When the September 11 attacks (usually referred to as 9/11) happened 19 years ago on this day, not only the United States, but the whole world was in shock of what they were witnessing near and far across the globe.
Four coordinated terrorist attacks by the terrorist group al-Qaeda against the United States resulted in 2,977 deaths and over 25,000 injuries, not to mention the substantial long-term health consequences that stuck with several other victims as well.
On top of that, with property damage of up to $10 billion in infrastructure and property damage, it is the single deadliest terrorist attack in human history and single deadliest incident for firefighters and law enforcement officers in the history of the United States.
Ever since the attack, September the 9th has been tailored into all of those who witnessed it on that day; many in the U.S. mourn for those that perished while many others still find it hard to believe that such acts of terror is in fact possible.
As the attacks began to be taken personally by countries near and far, it soon became clear that the attacks also shaken even those here in Malaysia who were 14,000 kilometres away.
Here’s how the 9/11 attacks affected Malaysia back then.
Malaysia who has a majority Muslim population, responded by condemning the terrorist attacks in New York and Washington, while pledging full support for the US-led effort to combat terrorism.
Both Malaysia and Singapore at that time cooperated with the U.S. through exchange of intelligence information and coordinating security measures against possible terrorist attacks.
Through their powers under the Internal Security Act, scores of Muslims involved in plots to carry out attacks against government and western targets in their regions were arrested; which included 50 people from militant Muslim groups such as the Kumpulan Militant Malaysia which were link to the JI and AQ networks.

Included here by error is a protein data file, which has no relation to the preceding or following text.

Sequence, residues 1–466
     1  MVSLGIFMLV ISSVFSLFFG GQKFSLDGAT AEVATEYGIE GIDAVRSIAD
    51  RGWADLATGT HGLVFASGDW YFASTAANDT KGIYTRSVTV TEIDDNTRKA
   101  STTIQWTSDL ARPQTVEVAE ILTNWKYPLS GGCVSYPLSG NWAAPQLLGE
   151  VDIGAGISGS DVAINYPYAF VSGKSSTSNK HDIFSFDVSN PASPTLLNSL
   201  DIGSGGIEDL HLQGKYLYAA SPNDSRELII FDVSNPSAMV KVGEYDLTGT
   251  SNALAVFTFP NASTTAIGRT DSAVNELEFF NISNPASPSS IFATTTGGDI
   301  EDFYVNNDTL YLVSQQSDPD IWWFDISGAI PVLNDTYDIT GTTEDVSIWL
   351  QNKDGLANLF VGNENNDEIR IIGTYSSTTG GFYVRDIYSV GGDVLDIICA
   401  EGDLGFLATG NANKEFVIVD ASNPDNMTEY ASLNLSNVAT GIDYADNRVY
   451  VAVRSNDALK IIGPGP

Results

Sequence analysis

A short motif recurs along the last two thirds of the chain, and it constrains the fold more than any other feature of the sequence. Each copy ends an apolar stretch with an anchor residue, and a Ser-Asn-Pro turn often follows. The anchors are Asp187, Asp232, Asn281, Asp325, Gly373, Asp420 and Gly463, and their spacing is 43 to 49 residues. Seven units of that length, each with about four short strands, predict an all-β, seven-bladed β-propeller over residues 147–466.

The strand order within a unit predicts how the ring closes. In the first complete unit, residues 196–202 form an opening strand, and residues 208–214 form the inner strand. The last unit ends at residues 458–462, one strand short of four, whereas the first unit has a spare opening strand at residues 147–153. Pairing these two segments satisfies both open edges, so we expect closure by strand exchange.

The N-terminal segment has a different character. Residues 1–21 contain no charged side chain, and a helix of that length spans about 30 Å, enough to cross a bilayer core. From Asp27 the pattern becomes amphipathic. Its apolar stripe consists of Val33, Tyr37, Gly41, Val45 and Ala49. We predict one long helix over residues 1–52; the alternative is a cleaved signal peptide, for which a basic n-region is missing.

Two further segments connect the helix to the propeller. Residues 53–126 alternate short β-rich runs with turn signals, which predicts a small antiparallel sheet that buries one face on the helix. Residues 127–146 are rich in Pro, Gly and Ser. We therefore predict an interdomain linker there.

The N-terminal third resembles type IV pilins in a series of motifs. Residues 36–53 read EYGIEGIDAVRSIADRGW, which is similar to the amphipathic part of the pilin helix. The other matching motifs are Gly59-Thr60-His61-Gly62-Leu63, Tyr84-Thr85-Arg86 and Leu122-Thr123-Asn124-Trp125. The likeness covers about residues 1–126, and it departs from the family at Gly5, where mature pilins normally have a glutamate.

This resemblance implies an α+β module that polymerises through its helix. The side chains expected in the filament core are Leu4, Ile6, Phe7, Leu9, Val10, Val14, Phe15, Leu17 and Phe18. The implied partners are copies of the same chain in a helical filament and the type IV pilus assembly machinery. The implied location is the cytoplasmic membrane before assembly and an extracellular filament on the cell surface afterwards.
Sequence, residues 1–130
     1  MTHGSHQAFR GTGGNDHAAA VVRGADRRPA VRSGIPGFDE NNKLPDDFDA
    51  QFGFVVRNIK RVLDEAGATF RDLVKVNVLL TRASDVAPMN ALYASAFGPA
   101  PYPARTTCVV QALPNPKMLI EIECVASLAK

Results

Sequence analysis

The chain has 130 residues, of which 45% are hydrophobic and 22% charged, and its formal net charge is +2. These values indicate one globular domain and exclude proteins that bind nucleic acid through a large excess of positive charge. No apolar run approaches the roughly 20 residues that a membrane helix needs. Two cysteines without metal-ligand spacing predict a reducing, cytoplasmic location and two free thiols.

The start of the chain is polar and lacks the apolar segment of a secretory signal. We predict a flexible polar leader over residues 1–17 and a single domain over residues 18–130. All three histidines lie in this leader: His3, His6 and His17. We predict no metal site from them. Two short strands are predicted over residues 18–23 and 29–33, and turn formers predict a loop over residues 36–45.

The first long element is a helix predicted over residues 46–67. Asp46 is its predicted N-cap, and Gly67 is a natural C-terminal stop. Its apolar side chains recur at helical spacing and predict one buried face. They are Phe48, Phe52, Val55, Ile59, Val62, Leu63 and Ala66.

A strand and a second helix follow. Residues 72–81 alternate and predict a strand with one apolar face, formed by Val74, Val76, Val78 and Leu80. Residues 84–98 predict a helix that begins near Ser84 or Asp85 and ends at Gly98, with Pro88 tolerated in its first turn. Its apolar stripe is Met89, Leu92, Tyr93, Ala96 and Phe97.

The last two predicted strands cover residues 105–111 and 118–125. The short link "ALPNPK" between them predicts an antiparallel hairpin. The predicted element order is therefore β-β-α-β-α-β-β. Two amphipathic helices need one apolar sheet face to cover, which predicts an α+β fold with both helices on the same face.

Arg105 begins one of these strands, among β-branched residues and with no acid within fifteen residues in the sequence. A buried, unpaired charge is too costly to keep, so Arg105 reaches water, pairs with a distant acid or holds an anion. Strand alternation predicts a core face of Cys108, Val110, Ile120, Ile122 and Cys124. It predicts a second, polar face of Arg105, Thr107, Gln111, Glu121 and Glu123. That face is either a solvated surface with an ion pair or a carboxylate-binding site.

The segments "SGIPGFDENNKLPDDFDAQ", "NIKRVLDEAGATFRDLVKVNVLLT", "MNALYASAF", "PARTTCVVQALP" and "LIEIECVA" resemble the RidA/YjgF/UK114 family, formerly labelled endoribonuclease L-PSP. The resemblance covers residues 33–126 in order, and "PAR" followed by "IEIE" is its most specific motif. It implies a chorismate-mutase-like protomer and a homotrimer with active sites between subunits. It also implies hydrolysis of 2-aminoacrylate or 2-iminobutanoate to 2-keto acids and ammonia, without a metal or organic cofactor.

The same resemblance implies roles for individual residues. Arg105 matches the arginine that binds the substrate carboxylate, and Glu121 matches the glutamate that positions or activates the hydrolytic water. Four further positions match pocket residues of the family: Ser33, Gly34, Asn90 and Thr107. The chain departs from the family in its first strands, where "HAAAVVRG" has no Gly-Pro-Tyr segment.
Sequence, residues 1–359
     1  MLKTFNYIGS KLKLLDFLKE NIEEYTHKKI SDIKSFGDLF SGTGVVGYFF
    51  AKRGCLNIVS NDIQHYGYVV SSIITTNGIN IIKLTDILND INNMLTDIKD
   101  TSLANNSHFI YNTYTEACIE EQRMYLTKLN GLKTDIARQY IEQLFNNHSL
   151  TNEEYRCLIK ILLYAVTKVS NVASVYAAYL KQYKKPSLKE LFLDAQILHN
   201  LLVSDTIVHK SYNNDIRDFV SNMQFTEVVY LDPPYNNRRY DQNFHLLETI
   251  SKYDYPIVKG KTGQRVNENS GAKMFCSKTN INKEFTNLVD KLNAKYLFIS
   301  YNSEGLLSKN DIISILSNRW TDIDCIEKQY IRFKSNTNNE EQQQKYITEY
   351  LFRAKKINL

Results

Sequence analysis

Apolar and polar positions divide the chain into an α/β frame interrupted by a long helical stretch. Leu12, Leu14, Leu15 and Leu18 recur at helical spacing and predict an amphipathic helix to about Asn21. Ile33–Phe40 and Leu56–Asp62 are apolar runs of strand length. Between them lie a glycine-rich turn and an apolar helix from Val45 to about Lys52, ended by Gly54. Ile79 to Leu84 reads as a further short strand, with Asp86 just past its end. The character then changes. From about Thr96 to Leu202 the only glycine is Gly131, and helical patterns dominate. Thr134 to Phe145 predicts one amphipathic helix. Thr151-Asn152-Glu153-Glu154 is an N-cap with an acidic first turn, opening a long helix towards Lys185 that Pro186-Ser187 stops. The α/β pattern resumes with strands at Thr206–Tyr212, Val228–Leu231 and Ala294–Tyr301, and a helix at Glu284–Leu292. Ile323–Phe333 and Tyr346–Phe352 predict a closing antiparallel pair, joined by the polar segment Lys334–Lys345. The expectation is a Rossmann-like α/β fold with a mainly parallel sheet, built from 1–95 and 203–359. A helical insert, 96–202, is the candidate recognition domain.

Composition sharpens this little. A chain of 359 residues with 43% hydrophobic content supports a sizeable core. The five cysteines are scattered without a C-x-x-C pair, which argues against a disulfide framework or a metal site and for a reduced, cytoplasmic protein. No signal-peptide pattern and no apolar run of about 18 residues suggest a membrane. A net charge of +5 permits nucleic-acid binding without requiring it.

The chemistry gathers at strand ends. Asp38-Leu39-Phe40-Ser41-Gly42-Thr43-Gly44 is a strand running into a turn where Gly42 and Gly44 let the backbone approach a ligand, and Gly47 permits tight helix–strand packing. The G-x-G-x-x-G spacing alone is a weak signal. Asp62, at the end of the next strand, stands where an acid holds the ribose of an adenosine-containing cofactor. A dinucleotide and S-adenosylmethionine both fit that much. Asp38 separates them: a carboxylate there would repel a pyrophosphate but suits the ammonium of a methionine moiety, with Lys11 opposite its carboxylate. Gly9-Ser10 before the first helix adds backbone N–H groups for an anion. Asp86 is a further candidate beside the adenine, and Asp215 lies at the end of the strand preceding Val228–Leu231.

The U.S. Administration and Congress appreciated Malaysia’s open support for the war against terrorism, in which help with the strained relations between the two ever since the 1998 sacking, detention, trial and jailing of former Deputy Prime Minister Anwar Ibrahim.
Both Prime Minister Mahathir Mohamad and President George Bush agreed about the need to address the roots causes of terrorism such as the suicide bombers in Palestine. Mahathir even went the extra mile to persuade the Islamic world to condemn suicide bombings, but was unsuccessful to getting an agreement from the Organisation of Islamic Conference on a common definition of terrorism that would include such tactics.
However, Mahathir’s condemnation for the Israeli military occupation and suppression of Palestine remained unchanged.
The arrests of four dozen militant Muslims was largely linked to the Opposition Islamic Party, PAS, which put the party on the defensive end while increasing popularity of UMNO as a party of moderate Muslims.
According to Mushahid Ali a Senior Fellow at the Institute of Defence and Strategic Studies, Nanyang Technological University, Western-educated Muslim intellectuals also began debating Islamic issues with ulemas to reform rules in regards to women, governing family, governing society and to resist the introduction of the hudud punishment and restrictive practices for Muslims.